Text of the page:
The point here is that entities other than the KU Athletics and Alumni Association are benefiting and controlling how fans are attending games and for how much. Why is that? Do event sites have a built in profit multiplier? I’m sure the Ford Center was SOLD OUT on paper. But as the other posters here noted and everyone on TV witnessed, the arena was almost half empty prior to tipoff in OKC. Ok maybe Baylor wasn’t the most glamorous opponent and there were barely a few hundred green and yellow color wearing fans in the seats. As opposed to at least ¼ of all the occupped seats wearing red and blue. It all made for a rather dull atmosphere. Except when KU fell behind and every purple, burnt orange, black and gold, orange and black wearing fan start rooting for Baylor. We all know fans like the underdog and all the other schools wanted someone else besides KU to win the tournament. But come on here, even that environment wasn’t a real exciting because at least 1/3 of the seats were empty. Why? They were in the hands of the scalpers and ticket outlets that had snapped them up before most fans had a chance to buy them. Who do you blame? KUAC, the Big 12 conference management, the Ford Center??

Chris Shaw 11 years, 11 months ago

I DON'T CARE WHERE WE PLAY! As that famous school in Ohio always says, "We are Kansas"!!!!!!!!!!!! The only thing I'm concerned about is getting a 2 or 3 seed. I absolutely don't think Kansas is getting a 2, but then again I never thought we were going to play in the Orange Bowl,either. ahahhahahhahahahahahhaha! I just want to make sure that Kansas doesn't get a 4 seed. History has told us that when Kansas is a top 3 seed, that is when they do the most damage. Please, don't bring up 1988 andd being the 6 seed. That was one year! Consistently, the most damage KU has ever done is when they are a 2 and 3 seed and not quite expected to make a run. I hope this year is one of those years, but I just don't see KU making a run as a 4 seed. I hope I eat crow, but 4 seed is bad news for KU. I just hope the commitee puts into consideration that every team ranked ahead of KU in the polls lost in the semis or quarterfinals of their tourney except Louisville, Memphis, and Duke. That is good news for KU. I just hope they don't punish KU and their youth for losing in the first round. I can definitely see it happening though. I LOVE THIS DAY! I will be happy with a top 3 seed and pissed with a number 4 especially if MU and OU get a 3 and 2 respectfully. Wooohooooo! Just think once 6 pm est comes, we will all have another intense debate session on how the pairings come out. Woooooohoooooooo! One of my favorite days.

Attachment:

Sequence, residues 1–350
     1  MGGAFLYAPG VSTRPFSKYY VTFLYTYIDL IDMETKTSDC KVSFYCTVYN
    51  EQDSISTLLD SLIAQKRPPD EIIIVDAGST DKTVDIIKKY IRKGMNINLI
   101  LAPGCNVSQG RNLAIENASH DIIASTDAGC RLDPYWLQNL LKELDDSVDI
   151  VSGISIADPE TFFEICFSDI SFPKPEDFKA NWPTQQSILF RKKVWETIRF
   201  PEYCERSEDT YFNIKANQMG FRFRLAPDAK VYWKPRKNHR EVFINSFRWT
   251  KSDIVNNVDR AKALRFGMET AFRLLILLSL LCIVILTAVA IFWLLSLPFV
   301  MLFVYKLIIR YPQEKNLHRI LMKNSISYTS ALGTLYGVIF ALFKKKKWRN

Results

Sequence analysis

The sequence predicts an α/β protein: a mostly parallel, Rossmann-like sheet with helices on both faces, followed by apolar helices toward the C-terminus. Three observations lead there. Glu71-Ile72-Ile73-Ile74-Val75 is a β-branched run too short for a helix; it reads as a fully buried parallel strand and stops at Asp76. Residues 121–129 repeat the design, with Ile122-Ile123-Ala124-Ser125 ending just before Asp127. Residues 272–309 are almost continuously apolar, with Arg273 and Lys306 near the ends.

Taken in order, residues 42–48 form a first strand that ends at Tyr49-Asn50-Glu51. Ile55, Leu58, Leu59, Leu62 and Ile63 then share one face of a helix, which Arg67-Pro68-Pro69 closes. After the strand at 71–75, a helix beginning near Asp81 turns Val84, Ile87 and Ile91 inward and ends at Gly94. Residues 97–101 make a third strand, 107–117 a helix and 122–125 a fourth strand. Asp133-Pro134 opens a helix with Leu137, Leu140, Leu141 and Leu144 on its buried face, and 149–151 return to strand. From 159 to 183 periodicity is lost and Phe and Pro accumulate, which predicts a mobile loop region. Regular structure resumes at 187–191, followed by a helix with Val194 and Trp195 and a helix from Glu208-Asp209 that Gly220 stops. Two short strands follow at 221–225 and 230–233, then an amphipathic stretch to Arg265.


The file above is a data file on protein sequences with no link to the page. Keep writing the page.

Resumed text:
frompekka2sasha 11 years, 11 months ago

Every year we see too much credit given to a hot team that plays well for a few days. How on earth could you put Missouri ahead of KU when we have a much better resume over 4-5 months and won the conference over them by two games? Look at the teams they beat to win the title.

I think the committee might award Memphis a 1-seed yet send them packing like they did with KU (vs. UCLA) in '07. Awarding a 1 or 2 seed combined with determining the best location allows the committee some flexibility. I say that KU and OU are sent to KC while Memphis goes elsewhere. The reality is that the committee has zero opportunity to send them where they should go-- which is Memphis. I hope they don't penalize KU because Memphis is hosting this year.